This autumn, daylight savings time has us “falling back” — or gaining an hour of sleep — during the wee hours of Sunday, November 1. While that may sound like the perfect way to recover from a weekend of Halloween fetes, it can be surprisingly jarring on the body.
“The time change is kind of a society-imposed jet lag,” says Dr. Ilene Rosen, who serves on the board of directors for the American Academy of Sleep Medicine (AASM) and is board-certified in sleep medicine. Here’s how to re-acclimate by Monday morning.
What Is Daylight Savings Time?
The time shown on the clock from November to March is known in the Northern hemisphere as “standard time.” The rest of the year is considered the exception, or “savings time.” Countries in the Southern hemisphere, however, reverse this, observing daylight savings time during their summer — between November and March.
Making matters even more confusing, daylight savings time (DST) isn’t practiced everywhere in the world. Most of Asia and Africa as well as parts of Australia and South America don’t observe DST at all — nor do Hawaii, Arizona, or many US territories, like Guam and the US Virgin Islands. (Utah may also consider dropping DST, based on public outcry.) Even where it is practiced, clocks are set forward and back on different dates, leading to even more regional variations.
Why Do We Have It?
If you live in a part of the world that experiences wide shifts in weather and daylight hours between summer and winter, you probably relish any extra time you get to spend outdoors in the summer sunshine. Moving the clock forward an hour in the spring gives people an extra hour of daylight in the evening, when they’re typically not working, rather than the morning. Added bonus for night owls: It also moves the sunrise an hour later, keeping late-risers’ bedrooms conveniently dim.
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It’s not clear, though, whether all this inconvenience is worth it. One hundred years ago, when DST was first introduced in war-torn Germany, there was a case to be made for saving energy. Moving the clock forward in the spring reduces the number of waking hours between sunset and bedtime (since bedtime remains static while sunset occurs an hour later, according to the clock). Fewer post-sunset evening hours ought to mean fewer lights turned on, and less money spent on energy.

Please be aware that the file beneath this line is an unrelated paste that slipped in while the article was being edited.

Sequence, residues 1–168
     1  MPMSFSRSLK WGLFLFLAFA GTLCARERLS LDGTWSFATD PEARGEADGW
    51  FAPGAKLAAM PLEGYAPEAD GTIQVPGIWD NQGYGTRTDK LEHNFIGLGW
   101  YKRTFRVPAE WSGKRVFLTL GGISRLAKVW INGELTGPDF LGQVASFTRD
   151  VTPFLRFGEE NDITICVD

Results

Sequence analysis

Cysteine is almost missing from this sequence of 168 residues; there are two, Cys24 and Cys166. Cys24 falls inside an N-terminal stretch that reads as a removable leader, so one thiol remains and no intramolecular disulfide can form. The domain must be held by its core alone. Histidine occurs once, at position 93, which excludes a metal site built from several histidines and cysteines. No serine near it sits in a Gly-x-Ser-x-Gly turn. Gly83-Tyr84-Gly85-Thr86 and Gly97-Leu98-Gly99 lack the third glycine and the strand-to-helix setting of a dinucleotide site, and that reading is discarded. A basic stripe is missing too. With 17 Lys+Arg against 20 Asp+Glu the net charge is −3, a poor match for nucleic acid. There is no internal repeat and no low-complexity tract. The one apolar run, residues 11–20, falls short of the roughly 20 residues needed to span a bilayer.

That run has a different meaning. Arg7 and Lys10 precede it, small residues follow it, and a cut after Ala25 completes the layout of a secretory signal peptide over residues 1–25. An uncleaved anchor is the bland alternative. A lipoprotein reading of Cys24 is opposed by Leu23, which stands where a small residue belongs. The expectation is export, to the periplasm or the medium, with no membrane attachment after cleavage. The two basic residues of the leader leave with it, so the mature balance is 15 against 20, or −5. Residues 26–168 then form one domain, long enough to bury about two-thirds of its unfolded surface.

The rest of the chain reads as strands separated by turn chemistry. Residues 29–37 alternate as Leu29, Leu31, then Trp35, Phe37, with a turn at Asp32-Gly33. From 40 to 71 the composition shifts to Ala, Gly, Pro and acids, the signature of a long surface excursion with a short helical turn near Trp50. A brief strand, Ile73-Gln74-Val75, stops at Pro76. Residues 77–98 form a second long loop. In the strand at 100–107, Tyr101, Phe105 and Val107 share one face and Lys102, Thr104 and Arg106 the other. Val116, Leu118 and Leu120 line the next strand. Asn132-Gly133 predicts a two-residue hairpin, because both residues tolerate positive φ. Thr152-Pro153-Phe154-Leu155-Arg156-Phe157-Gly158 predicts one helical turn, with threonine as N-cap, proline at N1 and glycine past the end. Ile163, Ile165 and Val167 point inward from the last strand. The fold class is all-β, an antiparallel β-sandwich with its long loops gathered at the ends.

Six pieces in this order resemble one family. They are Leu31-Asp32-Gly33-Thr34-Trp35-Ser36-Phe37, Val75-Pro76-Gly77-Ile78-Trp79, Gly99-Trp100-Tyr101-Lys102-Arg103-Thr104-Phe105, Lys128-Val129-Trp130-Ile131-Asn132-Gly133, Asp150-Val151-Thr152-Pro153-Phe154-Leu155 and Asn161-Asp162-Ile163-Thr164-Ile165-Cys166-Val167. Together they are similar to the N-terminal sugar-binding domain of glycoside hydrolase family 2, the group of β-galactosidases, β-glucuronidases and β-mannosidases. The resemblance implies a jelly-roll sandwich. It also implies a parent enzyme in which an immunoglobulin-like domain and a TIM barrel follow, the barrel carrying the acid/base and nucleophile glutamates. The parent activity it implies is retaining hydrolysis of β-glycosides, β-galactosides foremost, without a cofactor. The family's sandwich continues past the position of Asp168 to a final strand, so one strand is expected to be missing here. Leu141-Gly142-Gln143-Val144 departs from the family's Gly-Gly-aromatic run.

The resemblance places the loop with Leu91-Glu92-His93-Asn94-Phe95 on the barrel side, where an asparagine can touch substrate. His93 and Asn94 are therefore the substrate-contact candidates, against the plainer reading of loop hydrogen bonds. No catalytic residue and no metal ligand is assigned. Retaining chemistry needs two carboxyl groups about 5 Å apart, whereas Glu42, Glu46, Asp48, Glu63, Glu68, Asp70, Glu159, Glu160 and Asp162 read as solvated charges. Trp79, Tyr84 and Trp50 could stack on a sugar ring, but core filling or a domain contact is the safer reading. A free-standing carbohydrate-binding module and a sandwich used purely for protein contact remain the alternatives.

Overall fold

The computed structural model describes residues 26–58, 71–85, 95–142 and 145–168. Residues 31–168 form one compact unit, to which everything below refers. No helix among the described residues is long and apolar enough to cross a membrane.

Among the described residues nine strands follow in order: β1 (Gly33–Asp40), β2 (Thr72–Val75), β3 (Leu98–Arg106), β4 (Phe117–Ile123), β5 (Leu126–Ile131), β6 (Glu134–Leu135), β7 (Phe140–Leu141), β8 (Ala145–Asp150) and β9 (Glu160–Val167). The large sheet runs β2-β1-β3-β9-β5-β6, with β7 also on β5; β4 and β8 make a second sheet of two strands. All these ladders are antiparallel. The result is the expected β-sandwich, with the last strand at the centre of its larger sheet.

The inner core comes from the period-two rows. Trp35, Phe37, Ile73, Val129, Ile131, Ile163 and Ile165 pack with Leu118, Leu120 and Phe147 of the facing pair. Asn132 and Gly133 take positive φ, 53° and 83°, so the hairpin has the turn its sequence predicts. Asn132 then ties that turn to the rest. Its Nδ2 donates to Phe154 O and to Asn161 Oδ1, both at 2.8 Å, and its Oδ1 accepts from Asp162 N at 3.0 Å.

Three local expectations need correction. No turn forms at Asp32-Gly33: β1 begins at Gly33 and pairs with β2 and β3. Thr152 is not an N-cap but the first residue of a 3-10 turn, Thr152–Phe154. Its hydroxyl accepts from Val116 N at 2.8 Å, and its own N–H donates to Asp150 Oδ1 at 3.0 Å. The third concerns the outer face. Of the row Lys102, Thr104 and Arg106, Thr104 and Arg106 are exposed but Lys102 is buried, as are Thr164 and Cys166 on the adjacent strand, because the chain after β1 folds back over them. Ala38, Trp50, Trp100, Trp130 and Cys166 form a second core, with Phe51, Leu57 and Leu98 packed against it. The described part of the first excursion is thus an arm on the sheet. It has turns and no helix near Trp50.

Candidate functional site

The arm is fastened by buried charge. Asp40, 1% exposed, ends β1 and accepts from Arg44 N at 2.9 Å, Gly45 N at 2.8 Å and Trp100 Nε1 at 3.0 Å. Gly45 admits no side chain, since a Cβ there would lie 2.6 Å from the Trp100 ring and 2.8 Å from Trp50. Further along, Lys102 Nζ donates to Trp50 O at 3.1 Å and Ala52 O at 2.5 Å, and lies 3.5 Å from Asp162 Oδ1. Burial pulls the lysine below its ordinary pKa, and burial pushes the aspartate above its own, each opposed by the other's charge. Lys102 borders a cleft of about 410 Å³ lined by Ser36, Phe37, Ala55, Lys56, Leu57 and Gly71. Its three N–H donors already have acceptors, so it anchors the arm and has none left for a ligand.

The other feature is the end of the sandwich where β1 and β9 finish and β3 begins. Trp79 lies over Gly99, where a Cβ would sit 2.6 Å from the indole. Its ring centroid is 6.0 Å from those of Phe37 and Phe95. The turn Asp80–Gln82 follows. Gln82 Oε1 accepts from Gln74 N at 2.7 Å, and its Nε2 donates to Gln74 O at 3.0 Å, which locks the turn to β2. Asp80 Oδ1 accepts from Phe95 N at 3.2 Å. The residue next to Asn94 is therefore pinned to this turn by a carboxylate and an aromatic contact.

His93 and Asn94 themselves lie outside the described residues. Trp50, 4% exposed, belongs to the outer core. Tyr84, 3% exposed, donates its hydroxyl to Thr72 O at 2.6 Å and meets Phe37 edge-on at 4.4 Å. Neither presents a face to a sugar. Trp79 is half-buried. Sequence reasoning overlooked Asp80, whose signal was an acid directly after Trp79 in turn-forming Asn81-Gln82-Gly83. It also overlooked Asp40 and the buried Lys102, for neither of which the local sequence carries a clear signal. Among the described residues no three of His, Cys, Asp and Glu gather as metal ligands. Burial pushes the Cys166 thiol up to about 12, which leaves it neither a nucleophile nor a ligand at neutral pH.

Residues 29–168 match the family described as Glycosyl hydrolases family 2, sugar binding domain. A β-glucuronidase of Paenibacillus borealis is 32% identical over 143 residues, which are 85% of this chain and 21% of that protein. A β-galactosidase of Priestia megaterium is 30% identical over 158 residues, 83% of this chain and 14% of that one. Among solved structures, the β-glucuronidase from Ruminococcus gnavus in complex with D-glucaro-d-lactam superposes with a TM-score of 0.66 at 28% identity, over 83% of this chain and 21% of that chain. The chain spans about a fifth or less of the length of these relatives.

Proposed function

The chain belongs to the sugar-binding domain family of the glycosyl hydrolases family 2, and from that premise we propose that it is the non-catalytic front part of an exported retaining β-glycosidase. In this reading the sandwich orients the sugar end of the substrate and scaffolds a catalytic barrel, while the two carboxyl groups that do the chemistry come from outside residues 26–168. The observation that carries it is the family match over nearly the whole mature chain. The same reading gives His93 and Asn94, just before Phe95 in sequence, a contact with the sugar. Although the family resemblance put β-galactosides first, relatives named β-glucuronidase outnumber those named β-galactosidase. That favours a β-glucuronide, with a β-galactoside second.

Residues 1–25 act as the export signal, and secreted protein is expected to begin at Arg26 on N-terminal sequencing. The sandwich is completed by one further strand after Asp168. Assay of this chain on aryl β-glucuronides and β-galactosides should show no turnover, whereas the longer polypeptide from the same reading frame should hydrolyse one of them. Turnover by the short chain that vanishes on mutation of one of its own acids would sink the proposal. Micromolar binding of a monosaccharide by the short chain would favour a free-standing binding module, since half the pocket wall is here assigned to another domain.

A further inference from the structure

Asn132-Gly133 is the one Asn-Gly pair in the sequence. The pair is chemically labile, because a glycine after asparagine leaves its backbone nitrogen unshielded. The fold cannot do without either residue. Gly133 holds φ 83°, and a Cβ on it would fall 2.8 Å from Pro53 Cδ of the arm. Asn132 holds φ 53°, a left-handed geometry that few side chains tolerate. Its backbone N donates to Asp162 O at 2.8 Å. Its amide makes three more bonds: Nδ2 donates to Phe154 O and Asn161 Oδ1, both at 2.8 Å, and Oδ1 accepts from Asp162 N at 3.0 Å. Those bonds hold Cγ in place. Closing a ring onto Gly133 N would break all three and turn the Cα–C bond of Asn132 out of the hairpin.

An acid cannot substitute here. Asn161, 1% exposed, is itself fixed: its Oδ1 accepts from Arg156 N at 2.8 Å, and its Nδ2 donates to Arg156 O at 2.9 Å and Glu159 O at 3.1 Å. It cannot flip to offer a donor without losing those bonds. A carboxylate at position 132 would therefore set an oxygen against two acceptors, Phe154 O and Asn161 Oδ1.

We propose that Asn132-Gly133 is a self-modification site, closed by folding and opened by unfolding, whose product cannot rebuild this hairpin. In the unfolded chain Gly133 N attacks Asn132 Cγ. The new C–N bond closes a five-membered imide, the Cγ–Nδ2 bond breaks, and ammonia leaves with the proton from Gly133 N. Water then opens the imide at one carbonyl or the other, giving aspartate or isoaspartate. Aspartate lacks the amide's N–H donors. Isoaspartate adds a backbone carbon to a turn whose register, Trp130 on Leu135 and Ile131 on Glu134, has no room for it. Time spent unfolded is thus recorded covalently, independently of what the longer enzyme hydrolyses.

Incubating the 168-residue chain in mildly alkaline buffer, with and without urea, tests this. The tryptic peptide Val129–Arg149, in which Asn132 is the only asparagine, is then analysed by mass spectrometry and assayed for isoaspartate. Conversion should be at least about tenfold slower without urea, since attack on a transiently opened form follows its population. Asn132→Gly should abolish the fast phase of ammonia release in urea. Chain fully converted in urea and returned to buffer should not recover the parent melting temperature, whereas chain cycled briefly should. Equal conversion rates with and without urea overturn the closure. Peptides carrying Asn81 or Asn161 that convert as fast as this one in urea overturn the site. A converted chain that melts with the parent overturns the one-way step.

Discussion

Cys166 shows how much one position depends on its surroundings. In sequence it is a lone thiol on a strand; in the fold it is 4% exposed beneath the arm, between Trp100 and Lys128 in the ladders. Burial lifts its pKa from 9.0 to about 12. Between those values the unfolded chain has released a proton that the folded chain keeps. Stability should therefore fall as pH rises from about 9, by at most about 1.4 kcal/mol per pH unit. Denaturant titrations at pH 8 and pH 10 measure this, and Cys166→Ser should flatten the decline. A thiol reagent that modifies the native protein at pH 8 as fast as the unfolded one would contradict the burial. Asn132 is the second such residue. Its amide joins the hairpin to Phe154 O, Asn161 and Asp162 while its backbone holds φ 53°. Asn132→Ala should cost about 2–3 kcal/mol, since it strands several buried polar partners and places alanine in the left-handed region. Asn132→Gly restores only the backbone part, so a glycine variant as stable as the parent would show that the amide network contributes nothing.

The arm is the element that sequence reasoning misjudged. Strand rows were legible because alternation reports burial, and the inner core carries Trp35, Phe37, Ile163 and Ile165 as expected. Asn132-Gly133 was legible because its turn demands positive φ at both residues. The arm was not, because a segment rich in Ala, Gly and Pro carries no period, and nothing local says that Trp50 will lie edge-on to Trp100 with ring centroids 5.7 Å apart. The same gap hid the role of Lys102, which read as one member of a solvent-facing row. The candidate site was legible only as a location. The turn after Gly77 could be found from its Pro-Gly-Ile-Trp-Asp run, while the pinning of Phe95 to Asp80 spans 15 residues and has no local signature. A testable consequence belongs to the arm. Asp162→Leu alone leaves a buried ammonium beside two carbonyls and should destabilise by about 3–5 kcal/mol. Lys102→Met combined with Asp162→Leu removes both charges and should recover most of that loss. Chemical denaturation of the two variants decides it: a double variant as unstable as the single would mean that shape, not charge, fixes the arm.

Newer studies throw this hypothesis into question, though. When DST was introduced, lightbulbs were the primary use of household electricity. These days, we use our TVs, computers and other small appliances just as much, whether it’s light or dark out. Meanwhile, lightbulbs have grown more efficient. And now that we live in a world where we can control indoor temperature (phew!), it’s possible that having more waking daylight hours could, in fact, increase our energy use, since air conditioning uses so much more power than a few measly lightbulbs and is typically turned higher during daylight hours. Studies are inconclusive, but even if it does save money, the savings are estimated to be no more than one or two percent.
How to Deal
In a perfect world, DST wouldn’t shock our circadian rhythms twice annually. “Ideally we would be able to allow our internal circadian rhythms to move along naturally with the light-dark cycles that change from season to season,” says Dr. Rosen. Since that’s not possible, try these tips to transition back to daylight savings time with ease.
- Don’t Stay Up Late
When you set the clocks back each fall, “your circadian rhythms will cause you to want to go to bed earlier and wake up earlier than your external environment,” says Dr. Rosen. “One of the biggest mistakes that people make … is staying up later and thinking that they’re going to get an extra hour of sleep,” she adds. Because your circadian rhythms may wake you early Sunday morning, it’s important not to count on that extra snooze time.
- Use the Sun
The fall time change is easier than the spring, says Dr. Rosen, particularly for those who work standard daylight hours, since you’re able to hack your sunlight exposure. Try to get as much late afternoon sun exposure before switching the clocks back, and as much morning sun exposure as possible after switching the clocks to help ease the transition.
- Take Your Time
“If you work a non-traditional schedule, or have a little extra time in the morning, it might ease the transition if you go to sleep and wake up 10-15 minutes later each day the week before the time change,” says Dr. Rosen. As always, adding a nap can help fend off drowsiness for anyone still struggling with the switch back to standard time
Originally posted October 2014. Updated October 2015.